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I totally agree with the writer, I have dedicated the last ten years to specify and implement a new single wire communication protocol for IOT and home automation applications called PJDL (Padded Jittering Data Link): https://github.com/gioblu/PJON/blob/master/src/strategies/So...

It performs much better than wireless alternatives.




16kbps over 2km, wow! How sensitive is the system to the quality of connection?

If I hide enamel coated filament just beneath my lawn is that going to be good for a one wire bus to work? Does it even need to be insulated?


It works even if you use the human body or water as a conductor, as I showcase in this demonstration (sorry for my strong italian accent): https://www.youtube.com/watch?v=GWlhKD5lz5w

This is the implementation: https://github.com/gioblu/PJON/tree/master/src/strategies/So...

This is the source code: https://github.com/gioblu/PJON/blob/master/src/strategies/So...

It is extremely rugged, it works much better than any alternative I have ever tried. Ah, it is free and open-source ;)


Looking at the interest my comment generated I decided to create a post here on HN about PJDL, please if you liked up it: https://news.ycombinator.com/item?id=23591953


The Italian accent made me think of Marconi, also your accent isnt heavy at all, just adds a little bit of color.


That is really a good compliment :)


The awesome thing with wireless IoT is that it can be set up without any additional cabling, which can be extremely painful process in most homes.

In case of wireless all you need is ESP32, relay and a power supply. And all of that together will cost less than 10$.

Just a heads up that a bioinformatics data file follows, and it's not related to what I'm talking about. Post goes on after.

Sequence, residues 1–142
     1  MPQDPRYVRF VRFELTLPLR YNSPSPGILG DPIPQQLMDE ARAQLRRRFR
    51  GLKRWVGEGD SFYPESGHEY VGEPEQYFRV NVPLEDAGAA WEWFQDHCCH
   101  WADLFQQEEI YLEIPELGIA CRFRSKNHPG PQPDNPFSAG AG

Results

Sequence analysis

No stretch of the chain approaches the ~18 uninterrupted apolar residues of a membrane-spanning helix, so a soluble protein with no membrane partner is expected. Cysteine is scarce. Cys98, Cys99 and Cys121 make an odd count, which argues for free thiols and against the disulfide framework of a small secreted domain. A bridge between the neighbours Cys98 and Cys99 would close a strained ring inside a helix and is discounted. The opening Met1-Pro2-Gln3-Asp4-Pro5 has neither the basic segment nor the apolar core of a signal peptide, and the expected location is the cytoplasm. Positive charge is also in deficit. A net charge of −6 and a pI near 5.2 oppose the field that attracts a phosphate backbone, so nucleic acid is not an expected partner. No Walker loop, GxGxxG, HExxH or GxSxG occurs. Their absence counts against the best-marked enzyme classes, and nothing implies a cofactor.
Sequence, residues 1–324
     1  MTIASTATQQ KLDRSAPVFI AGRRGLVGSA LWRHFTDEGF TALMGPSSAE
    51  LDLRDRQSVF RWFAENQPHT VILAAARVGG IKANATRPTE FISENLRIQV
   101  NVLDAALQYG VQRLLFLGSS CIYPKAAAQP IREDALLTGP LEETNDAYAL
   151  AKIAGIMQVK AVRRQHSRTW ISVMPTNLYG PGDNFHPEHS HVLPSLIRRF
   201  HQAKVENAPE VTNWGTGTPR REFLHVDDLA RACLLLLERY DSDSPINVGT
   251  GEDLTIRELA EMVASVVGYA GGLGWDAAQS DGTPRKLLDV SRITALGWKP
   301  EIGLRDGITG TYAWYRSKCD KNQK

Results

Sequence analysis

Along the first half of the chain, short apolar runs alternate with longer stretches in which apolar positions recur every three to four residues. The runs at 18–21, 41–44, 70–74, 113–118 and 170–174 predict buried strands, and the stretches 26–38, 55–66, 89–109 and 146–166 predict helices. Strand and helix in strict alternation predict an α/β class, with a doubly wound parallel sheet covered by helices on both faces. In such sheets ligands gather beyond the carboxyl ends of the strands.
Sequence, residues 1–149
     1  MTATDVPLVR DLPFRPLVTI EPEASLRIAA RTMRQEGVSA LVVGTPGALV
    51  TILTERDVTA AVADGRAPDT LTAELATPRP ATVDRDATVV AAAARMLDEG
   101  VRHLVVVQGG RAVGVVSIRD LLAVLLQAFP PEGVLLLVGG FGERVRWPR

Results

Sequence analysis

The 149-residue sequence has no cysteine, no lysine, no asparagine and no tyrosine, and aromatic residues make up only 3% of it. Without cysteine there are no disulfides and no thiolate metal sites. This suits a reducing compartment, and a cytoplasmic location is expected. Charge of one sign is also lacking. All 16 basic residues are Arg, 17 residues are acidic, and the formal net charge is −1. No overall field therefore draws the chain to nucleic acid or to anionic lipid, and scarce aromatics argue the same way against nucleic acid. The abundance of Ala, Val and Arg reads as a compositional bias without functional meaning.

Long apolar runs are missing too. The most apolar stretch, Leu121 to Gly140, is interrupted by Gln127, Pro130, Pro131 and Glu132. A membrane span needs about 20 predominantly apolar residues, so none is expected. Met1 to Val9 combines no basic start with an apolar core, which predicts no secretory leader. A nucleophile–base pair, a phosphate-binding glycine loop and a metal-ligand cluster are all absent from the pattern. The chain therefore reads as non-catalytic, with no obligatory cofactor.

Can you easily (cheaply) use the already existing power cables for PJDL? I know there are network repeaters that use power cables to transfer data, but I have no idea how much it would cost in IoT scenario. Do you have some examples?


Yes many users have squatted old phone wiring, here in italy in most houses it is embedded in walls, and it is present in most rooms. Being unused and obsolete it can be used for home automation with PJON :)


As a software person who doesn't know much about this sort of thing: how does this work electrically? Presumably there's no current flowing as it's an open circuit? Is it akin to a voltmeter using the ground as a point of reference? Why don't other wire-based protocols use the single-wire approach?

Does it have anything in common with 'single-wire earth return', in power-distribution?


The protocol is really simple +5v is 1, 0v is 0. The circuit is just a single conductor and a common ground pin. If you connect a LED between the bus and ground you can visually see packets in form of light pulses.


Here's why it's a good idea to insulate underground cables or use optical fiber: https://youtu.be/Ev0PL892zSE?t=357 (TLDW: the salient point is at 7:20: https://youtu.be/Ev0PL892zSE?t=440).

Though, I don't know if insulation helps in the case of lightning. Apparently with Ethernet, special grounding thingies help.